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Excel tip: How to fix #VALUE! errors

16th Aug 2013
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The next instalment of David H Ringstrom’s trans-Atlantic series of Excel tips tackles the pesky problem of  #VALUE! alerts.

It’s frustrating when Excel shows #VALUE! in a cell rather than the expected result. Sometimes the reason is obvious, for example if you’ve tried to do a calculation that mixes text and numbers, but sometimes the culprit can be harder to pin down.

In the example below, the formula =C2/A2 returns #VALUE! because the formula attempted to divide the value 5000 in cell C2 by the word Apples in cell A2. The same mistake would occur if I tried to divide cell A2 by C2, or add or subtract one of those cells from the other. With that said, I could sum cells A2 through C2, as in =SUM(A2:C2), and the result would be 5500 and not #VALUE. 


However if cell D2 contained the formula =C2/B2 and cell C2 was blank, Excel should return. You could still encounter a #VALUE! error if cell C2 was not truly blank. Users sometimes erase values by tapping the spacebar, occasionally by accident. This makes the cell appear blank when it isn’t. Before we explore this further, keep in mind that if cell B2 is blank but C2 contains a number, then the formula =C2/B2 will return a #DIV/0! error, which signifies division by zero. 


Sharp-eyed users can press F2 within a cell and then make note of where the blinking cursor is, as shown below.  If the cursor is adjacent to the left border of the cell, the cell is most likely blank. However, if the cursor is a couple of millimetres to the right, then there’s a space. To categorically check, click once on a cell, and then press the Delete key.


You can also use the ISBLANK worksheet function to determine whether a cell is blank or not. For instance, the formula =ISBLANK(C2) will return TRUE if cell C2 is blank or FALSE if it isn’t. 

Curiously, if you’re doing simple arithmetic with cells that contain numbers stored as text, Excel will perform the calculation without issue. To try this out, type a single quote in cell B2, followed by a number such as 500 and then two spaces. In cell C2, enter a single quote followed by 5000 and two spaces. In cell D2, the formula =C2/B2 will return 10. Of course, if you were to try to sum the current values of cells B2 and C2, the SUM function would return 0, because worksheet functions don’t generally convert text to numbers on the fly. Should you encounter numbers stored as text, the easiest solution is to use the Text to Columns wizard:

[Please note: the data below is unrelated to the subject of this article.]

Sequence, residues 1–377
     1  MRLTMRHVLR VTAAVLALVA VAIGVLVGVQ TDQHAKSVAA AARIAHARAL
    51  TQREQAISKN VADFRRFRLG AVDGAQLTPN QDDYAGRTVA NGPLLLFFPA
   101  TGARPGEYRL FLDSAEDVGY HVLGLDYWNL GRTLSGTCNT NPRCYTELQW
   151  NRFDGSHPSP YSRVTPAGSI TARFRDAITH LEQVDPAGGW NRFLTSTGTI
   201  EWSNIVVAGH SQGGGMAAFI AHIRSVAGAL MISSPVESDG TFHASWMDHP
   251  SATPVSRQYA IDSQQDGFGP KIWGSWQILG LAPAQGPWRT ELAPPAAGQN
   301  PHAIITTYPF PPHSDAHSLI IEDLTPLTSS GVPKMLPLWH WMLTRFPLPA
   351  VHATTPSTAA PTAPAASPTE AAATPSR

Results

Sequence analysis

• Select one or more cells in a single column, choose Text to Columns from the Data tab or menu, and then click Finish.

This technique only allows you to convert one column at a time. If you need to convert multiple columns:

  • Enter the number 1 in a blank worksheet cell and then copy it to the clipboard.
  • Select the range of cells you wish to convert to values and then right-click and choose Paste Special.
  • Double-click on Multiply.

This action will multiply all of the values by 1, which in turn also converts them to numeric values instead of text.

Regardless, there are other situations in Excel that can cause the #VALUE! error, such as a recalculating a linked reference to a closed workbook or including a text-based reference in a formula that’s expecting a value, such as =SUM("Apples",5,500). The Microsoft website offers additional guidance as well.

"Either you work Excel, or it works you!" says David Ringstrom CPA, the head of Atlanta-based software and database consultancy Accounting Advisors. He presents Excel training webcasts for CPE Link and contributes articles on Excel to AccountingWEB and Microsoft Professional Accountant's Network newsletter. He can be reached by email at david[AT] More Excel tips from David H Ringstrom available here.

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By duncanphilpstate
12th Sep 2013 12:26

"Users sometimes erase values by tapping the spacebar"

Good grief! Bl**dy users!

I often despair at the appalling habits or limited training people get in Excel.

Mind you I've seen someone supposedly competent in a finance role create a formula which summed a cell on the same worksheet, a numeric variable typed directly into the formula and a link to a reference in another file entirely  and then send the file to someone who didn't have the referenced file. No wonder wrong results occur.

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